While enormously lucrative, the National Football League is worried about sinking into a public perception dumpster fire. Roger Goodell’s latest perception management move makes this painfully obvious.

Emboldened by its “Deflategate” victory handed down by the 2nd Circuit Court of Appeals, the Commissioner’s Office has taken controversial actions to “protect the shield.” These came not in response to players violating league rules or conduct policies, but as proactive measures to craft public perception in the league’s favor.

Goodell demanded that four players named in an Al-Jazeera documentary meet with league officials, as part of the NFL’s ongoing investigation into the use of performance-enhancing drugs. Goodell gave all four players an ultimatum: show up by Aug. 25 or face suspension.

The fact is that the current collective bargaining agreement between the league and the NFL Players’ Association contains no language that explicitly gives the Commissioner’s Office the power to demand a player appear for an interview under threat of suspension without significant evidence that said player violated league policies.

Since the 2nd Circuit’s ruling, however, Goodell’s office seems to have carte-blanche license to ignore the CBA. That license was affirmed by all four players agreeing to the in-person interviews despite the league’s weak case against them.

Clay Matthews and Julius Peppers will be the first to meet with league officials, then Mike Neal and finally James Harrison. While all four initially refused Goodell’s threat, sending affidavits in lieu of appearing in-person, their eventual acquiescence to Goodell’s demand acts as further proof of the NFLPA’s powerlessness to hold Goodell to the terms of the current CBA.

Being named in the Al-Jazeera documentary is weak evidence of any violations–the NFL has made that clear. Former quarterback Peyton Manning was also named in the documentary, and investigated by the league. After the NFL concluded its investigation, the league announced that there was no credible evidence that Manning used any PEDs.

The Al-Jazeera documentary’s claims have been further weakened by the reporter and the source involved. Deborah Davies, the reporter involved, said that the documentary never alleged that Manning actually used HGH, but merely that several shipments of the drug were sent to Manning’s wife. The source, former Guyer Institute intern Charlie Sly, recanted all his claims in the film as well.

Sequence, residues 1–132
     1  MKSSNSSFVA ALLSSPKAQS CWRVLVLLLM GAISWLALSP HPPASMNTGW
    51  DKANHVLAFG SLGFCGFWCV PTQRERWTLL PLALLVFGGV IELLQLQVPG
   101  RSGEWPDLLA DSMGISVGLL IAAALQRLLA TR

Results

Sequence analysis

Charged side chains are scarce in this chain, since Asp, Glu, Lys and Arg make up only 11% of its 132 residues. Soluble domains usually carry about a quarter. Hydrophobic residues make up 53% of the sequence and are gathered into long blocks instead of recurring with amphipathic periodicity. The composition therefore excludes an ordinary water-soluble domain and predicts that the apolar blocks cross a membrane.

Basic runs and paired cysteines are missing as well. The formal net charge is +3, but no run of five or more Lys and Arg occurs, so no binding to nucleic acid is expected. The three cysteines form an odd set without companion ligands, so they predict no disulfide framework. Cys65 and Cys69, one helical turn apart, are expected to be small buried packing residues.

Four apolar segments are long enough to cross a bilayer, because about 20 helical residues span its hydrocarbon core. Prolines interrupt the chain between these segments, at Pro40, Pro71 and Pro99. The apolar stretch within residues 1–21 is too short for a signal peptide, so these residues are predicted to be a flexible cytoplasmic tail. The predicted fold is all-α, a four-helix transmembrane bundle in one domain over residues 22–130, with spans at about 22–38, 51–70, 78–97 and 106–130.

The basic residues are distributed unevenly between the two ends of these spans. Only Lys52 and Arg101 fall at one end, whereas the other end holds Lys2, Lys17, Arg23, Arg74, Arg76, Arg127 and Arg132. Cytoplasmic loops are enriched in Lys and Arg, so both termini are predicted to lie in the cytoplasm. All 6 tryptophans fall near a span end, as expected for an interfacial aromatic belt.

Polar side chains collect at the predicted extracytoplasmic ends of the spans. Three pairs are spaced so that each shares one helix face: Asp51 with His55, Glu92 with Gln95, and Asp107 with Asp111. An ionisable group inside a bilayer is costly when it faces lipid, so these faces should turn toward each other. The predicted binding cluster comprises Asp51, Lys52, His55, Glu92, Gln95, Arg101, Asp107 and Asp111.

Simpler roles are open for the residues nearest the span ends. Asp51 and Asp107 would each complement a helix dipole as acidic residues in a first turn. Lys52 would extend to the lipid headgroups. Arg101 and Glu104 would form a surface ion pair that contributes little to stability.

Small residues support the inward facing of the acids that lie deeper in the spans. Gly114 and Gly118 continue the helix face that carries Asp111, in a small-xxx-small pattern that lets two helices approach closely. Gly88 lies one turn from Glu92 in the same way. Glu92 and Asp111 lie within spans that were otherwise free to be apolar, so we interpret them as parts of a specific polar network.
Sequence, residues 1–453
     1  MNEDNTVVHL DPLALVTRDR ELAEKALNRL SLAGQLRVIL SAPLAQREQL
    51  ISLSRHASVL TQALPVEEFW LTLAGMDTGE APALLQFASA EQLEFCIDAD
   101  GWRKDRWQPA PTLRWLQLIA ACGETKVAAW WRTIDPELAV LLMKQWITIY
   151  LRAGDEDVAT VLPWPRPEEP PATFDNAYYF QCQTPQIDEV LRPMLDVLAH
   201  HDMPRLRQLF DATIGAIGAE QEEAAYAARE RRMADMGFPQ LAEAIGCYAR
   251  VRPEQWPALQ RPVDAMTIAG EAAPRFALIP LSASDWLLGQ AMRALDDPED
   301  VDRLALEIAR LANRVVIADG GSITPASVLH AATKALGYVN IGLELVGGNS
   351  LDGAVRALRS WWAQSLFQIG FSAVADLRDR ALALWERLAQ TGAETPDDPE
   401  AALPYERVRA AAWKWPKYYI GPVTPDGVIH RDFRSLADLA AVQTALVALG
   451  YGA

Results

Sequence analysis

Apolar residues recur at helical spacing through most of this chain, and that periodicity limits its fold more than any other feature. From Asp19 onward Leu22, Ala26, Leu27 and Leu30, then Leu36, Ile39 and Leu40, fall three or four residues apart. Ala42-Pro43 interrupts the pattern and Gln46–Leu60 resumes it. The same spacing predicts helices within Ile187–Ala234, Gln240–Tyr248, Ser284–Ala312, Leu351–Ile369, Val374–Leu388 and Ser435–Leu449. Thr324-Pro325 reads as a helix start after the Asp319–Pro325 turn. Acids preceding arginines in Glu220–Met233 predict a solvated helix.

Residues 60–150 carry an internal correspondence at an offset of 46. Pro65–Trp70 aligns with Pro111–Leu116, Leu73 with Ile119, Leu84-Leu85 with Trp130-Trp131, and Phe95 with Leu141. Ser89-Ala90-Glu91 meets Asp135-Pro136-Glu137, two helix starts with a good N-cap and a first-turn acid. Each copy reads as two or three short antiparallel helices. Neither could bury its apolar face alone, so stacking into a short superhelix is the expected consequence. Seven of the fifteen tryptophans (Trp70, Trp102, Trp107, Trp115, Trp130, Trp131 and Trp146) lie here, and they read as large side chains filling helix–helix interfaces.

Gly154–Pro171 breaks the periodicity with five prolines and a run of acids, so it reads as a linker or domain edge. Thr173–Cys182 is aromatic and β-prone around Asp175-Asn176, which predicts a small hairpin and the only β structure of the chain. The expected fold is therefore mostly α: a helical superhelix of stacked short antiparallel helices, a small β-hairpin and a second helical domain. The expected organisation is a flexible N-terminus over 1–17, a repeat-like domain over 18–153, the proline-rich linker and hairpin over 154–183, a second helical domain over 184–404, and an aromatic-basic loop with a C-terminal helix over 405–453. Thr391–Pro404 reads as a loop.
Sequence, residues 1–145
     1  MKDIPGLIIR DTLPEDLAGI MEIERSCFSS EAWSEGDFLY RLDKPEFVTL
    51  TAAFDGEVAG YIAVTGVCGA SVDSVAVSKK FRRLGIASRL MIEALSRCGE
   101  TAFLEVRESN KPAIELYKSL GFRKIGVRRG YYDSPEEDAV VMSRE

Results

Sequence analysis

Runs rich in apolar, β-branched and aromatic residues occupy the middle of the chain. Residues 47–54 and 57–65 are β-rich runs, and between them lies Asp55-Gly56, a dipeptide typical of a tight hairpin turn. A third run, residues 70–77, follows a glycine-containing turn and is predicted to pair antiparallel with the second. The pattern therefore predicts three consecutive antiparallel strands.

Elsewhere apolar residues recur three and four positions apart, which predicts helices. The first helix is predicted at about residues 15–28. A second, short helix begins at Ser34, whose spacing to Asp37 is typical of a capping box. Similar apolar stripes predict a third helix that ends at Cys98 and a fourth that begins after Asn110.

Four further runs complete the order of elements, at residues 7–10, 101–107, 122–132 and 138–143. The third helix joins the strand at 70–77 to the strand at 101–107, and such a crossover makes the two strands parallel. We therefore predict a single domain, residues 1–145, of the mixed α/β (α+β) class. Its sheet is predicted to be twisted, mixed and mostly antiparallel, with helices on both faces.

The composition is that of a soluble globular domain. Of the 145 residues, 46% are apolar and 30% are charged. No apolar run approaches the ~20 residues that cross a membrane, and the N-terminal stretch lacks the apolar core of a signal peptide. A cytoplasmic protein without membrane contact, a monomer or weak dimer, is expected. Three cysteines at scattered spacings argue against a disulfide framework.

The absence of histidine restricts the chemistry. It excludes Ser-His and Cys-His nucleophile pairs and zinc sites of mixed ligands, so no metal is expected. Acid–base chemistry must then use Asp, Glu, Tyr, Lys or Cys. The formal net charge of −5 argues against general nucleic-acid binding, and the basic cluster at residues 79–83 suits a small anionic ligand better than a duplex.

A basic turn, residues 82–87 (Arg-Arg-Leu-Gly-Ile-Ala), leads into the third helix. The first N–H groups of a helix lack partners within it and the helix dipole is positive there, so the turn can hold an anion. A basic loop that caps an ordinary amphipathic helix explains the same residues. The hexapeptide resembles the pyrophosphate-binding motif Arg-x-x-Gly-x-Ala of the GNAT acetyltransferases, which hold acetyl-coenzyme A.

Thus we have a report that the NFL has stated has produced zero credible evidence of any wrongdoing thus far, debunked by the original source of the allegations, and clarified as being harmless by the reporter who put the piece together. Regardless, Goodell has used it as reason to flex his new muscles.

It isn’t that Goodell has zero reason to worry about PED usage in the league. Pro Bowl tight end Antonio Gates was suspended four games in 2015 for a positive test. Philadelphia Eagles offensive lineman Lane Johnson was recently suspended ten games for a positive test as well.

It’s unlikely that these interviews will turn up anything significant. There’s a strong chance that after the league concludes its investigation into these players, it will announce similar findings as it announced regarding Manning.

Whether or not any of these four players have ever used any PEDs isn’t the crucial matter in this situation, however. It’s the extent to which Goodell is willing to go to in order to create a public perception that favors the league.

There is a cost to all of this message-crafting and muscle-flexing. In 2020, the current CBA will expire. Through Deflategate, player angst over what they perceive to be team-friendly contracts, and discontent with the league’s drug policy, a rift has developed between the league and the NFLPA. These actions have only acted to speed the decay of that relationship as evidenced by the recent comments of the Pittsburgh Steelers’ Ramon Foster.

“It’s coming. They’ve hired certain people on their legal team, the NFL has, and we have to be the type of players and union that’s not borrowing money from banks and stuff like that to survive a lockout, a strike. That can’t happen this time around. We have to be smarter this time around because there are a lot of things we’re going to be fighting for and a lot of things they are going to want and we’re going to want, too.”

What is Goodell willing to ruin the relationship between the league and its players and risk a work stoppage for? Battling against the tide of negative perception in the public eye, it’s the lesser of two evils.

History has shown that fans are willing to forgive the cancellation of games and mistreatment of players. The NFL has a legal monopoly on professional football, and continually-rising revenues are proof that fans want their football regardless of when it comes or what cost it represents for those involved in bringing it to them.

What Goodell obviously believes that the league won’t survive, however, is a strongly- and widely-held public perception that the NFL is indifferent to the integrity of its product. The concussion drama and Deflategate are further evidence to this philosophy. The NFL has to present itself as obsessed with the integrity of its game above all else.

If games and the careers of players are the cost of avoiding the league turning into a public perception dumpster fire, that’s a cost that Goodell is willing to pay.

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